The Falcon and the Winter Soldier Episode 2 Review
It’s never easy to accept when someone new steps into an iconic role. No matter how good people say the new person is. There’s going to be the critics and naysayers who say “You’re not good enough”. I’m of the opinion that its best to reserve judgement until we see the new person in action. And having seen New Cap (that’s what I’m calling John Walker, the new “Captain America” until further notice,) in action , I can safely say…that this isn’t going to work out. At all.
New Cap’s Already Cracking
On the surface, John Walker seems like a worthy successor to Steve Rogers as the New Cap. He’s got three Medals of Honor, top marks in every category, the trustworthy face, and good with the shield. And he does make an effort to reach out to Sam and Bucky, asking to work with him. Altogether, he seems like a decent guy. On the surface.
I could already see the cracks forming, though. From the outset, Walker recognizes how monumental a task it is to become the New Cap. How everyone has high expectations of him to fill Steve Rogers’ shoes, and it’s tearing him apart. On the one hand, he wants to meet the expectations everyone’s got for him and be the best Cap he can be. On the other hand, he knows that he can’t live up to Steve’s legacy. In addition, we see how frustrated he is at being at the beck and call of the US Government. Unlike Steve, though, who chose to embody the best ideals of America over being just a soldier, Walker allows himself to be shackled to the bidding of the government. The contradictions are eating away at him.
Even the way he talks to Bucky and Sam after fighting the Flag-Smashers is off-putting. Despite their obvious distrust of him, Walker acts respectful to the two and wants them to work with him. It feels like someone who knows they’re in over their heads asking for help from someone who knows what they’re doing. But at the same time, it feels condescending, with Bucky and Sam thinking he only wants them to help legtimize his role as New Cap. And when they make it clear they’re not interested, he drops the niceties and tells them to stay out of his way.
Bucky and Falcon Tensions Brewing
Bucky and Sam have had six years to build up their character dynamic, and it’s one of the best things about this show. They both have similar personalities (I think) and hold Captain America in high regard, and the trailer for show makes them out to be vitriolic best buddies. However, this episode demonstrates just how high tensions are between the two.
It all comes down to Falcon’s decision to give up the shield. Bucky continues to tell Sam that he made a mistake doing so, and while a part of Sam thinks so, too, he tries to justify it by saying it was the right thing to do. Bucky doesn’t see it that way, though. He thinks Sam turned his back on what Steve stands for, that he made the wrong decision to make Sam his successor. And as he points out during their joint therapy session (which is hilariously written like couples therapy), does that mean Steve was wrong about Bucky?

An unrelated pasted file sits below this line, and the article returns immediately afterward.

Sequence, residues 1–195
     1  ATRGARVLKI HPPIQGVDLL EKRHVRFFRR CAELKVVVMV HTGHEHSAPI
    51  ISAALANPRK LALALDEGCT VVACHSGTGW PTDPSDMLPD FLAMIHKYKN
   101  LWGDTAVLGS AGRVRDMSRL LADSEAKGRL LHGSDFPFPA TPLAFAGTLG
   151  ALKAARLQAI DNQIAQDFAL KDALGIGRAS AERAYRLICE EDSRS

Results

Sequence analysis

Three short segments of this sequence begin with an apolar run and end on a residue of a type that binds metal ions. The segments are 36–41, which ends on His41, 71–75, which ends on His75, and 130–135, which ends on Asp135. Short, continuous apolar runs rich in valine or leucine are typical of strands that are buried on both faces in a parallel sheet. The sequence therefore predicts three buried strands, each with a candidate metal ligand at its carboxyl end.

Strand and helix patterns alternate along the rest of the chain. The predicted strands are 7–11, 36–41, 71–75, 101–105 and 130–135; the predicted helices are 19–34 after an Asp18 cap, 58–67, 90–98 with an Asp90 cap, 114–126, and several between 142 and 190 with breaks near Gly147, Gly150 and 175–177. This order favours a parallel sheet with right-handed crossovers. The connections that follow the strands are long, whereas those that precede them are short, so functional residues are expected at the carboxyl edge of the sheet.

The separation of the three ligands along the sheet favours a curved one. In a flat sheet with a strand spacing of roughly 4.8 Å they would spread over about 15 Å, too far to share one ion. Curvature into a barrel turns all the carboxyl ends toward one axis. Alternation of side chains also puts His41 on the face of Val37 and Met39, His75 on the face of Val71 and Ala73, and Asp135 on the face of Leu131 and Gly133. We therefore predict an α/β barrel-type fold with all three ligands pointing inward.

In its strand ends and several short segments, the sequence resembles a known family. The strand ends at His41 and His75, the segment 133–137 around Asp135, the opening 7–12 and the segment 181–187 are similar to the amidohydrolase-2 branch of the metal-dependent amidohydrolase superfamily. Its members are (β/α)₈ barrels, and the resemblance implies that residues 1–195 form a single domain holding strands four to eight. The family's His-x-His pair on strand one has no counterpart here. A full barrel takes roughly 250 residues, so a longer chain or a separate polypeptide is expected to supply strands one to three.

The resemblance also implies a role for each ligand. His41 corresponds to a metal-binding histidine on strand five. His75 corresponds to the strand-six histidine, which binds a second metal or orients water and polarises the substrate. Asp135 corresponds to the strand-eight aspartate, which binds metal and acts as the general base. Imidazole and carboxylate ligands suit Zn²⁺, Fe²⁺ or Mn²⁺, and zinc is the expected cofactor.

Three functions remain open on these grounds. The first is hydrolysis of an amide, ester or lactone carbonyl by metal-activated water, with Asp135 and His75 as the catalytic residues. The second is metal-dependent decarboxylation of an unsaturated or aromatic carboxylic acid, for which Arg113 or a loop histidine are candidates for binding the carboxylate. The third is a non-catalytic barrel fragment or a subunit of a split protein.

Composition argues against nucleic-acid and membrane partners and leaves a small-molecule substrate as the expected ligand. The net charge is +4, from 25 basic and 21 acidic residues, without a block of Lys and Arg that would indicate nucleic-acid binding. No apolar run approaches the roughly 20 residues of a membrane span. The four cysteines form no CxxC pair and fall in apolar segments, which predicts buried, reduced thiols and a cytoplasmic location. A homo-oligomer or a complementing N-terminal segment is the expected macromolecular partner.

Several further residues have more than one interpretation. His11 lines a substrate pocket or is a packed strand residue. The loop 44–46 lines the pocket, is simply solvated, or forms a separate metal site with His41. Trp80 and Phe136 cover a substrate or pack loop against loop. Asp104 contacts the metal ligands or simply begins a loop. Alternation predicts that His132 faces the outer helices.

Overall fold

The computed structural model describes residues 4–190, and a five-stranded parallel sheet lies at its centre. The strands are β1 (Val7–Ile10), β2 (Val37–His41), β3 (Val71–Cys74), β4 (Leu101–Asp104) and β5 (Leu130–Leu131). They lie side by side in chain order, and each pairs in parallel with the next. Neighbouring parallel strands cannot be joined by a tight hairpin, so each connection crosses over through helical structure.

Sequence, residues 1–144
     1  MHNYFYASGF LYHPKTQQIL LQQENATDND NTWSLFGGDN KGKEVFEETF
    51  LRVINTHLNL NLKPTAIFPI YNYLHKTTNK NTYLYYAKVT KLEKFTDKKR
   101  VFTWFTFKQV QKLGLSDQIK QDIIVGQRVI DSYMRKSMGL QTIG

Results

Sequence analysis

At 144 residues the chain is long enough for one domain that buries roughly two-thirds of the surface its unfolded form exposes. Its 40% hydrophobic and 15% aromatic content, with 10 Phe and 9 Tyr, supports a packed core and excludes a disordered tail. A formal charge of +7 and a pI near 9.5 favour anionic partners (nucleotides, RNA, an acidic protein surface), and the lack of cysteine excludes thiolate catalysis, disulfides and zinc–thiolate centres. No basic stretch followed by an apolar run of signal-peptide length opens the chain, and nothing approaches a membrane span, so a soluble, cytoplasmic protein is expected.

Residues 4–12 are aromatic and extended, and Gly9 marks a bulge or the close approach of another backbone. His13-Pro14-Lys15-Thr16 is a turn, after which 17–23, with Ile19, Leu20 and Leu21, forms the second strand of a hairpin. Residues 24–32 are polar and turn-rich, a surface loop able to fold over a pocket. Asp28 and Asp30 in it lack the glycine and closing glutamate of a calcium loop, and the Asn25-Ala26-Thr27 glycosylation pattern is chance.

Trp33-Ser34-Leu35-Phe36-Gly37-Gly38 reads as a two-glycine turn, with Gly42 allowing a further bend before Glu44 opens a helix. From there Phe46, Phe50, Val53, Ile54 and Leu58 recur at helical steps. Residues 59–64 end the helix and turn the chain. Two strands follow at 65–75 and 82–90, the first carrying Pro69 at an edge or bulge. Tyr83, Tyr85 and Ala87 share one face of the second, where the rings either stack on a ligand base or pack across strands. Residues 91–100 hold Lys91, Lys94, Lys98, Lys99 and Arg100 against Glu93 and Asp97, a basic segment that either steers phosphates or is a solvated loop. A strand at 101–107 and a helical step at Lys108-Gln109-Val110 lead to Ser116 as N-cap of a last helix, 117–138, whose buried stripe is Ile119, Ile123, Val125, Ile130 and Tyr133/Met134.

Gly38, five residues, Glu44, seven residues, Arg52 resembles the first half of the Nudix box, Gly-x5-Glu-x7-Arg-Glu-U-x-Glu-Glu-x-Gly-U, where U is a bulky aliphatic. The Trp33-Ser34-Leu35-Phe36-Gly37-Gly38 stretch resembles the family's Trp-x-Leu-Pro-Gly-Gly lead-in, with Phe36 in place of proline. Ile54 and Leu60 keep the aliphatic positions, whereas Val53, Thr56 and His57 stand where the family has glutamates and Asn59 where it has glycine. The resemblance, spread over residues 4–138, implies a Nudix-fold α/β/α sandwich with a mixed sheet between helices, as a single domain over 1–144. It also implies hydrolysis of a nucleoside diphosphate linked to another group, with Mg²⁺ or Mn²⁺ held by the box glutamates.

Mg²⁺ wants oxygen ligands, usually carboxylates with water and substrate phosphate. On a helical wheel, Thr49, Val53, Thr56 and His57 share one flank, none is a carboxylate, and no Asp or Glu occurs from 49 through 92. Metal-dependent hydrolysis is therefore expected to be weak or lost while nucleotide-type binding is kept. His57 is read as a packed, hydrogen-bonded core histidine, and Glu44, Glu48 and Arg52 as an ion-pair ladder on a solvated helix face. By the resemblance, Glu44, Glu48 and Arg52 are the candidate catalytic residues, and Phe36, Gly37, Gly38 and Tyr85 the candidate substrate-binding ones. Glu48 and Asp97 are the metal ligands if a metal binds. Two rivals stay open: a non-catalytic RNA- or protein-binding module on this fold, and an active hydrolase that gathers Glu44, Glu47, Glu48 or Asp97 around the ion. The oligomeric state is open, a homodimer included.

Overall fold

I see right through Bucky, though. Even though none of what he did as the Winter Soldier was his fault, he still blames himself. And now he’s projecting his guilt onto Sam. It’s uncalled for, and it takes until the end of the episode to realize that he was out of line. The two even agree to part ways for good after dealing with the Flag-Smashers. I really hope they don’t, though.
Legacy of Racism
It goes without saying, but even fifty years after the Civil Rights Movement, America’s still trying to move past its history of racism. Recent events in society have made that obvious, but The Falcon and the Winter Soldier brings it to the forefront just how bad still are.
Firstly, there’s the unspoken issue of why Sam turned down the Shield. He’s afraid that no one’s ready for an African-American Captain America. I mean, he can’t even get into an argument with Bucky in public without some cops racially profiling him! Bucky had to outright tell the cops that he was the Falcon to get them to back off.
In addition, we see another reminder of the legacy of racism present in the form of Isaiah Bradley, a Korean War veteran who got a version of the Super-Soldier Serum. This man was a war hero that even fought off Bucky and ripped off half his metal arm. And what happened to him? He got jailed for thirty years and used as a guinea pig by the government and HYDRA. It’s unfair, it’s cruel…and it sounds like something that the US would do. And I hate every part of it.
The Return of Zemo
The big, overlying issue that the episode talks about is the Flag-Smashers. Their members were able to fight off Bucky, Sam, Walker, and Battlestar (Walker’s partner). There’s no doubt about it-someone’s making more super-soldiers. And we don’t know how. The name “Power Broker” gets dropped by the Flag-Smashers, but that’s about it. Bucky’s only idea on what to do is to go see the one person who knows more about HYDRA than all of them: Zemo.
Zemo may not have powers and he’s no Thanos, but he came closer to tearing apart the Avengers than anyone else. I hoped to see him again in the MCU, and now that wish is coming true. And the fact that he’s back is bad news for everyone.
So, in short, I liked this episode. I think it’s doing a great job at building the post-Endgame MCU, and giving us a lot to look forward to. I can’t wait to see what happens next week.
I Give “The Star-Spangled Man” a 4.5/5
- We got to see Isaiah Bradley’s grandson, Eli Bradley, in this episode. In the comics, he’s the superhero Patriot and leader of the Young Avengers. Like I said in my post for The Game of Nerds, the Young Avengers are coming!
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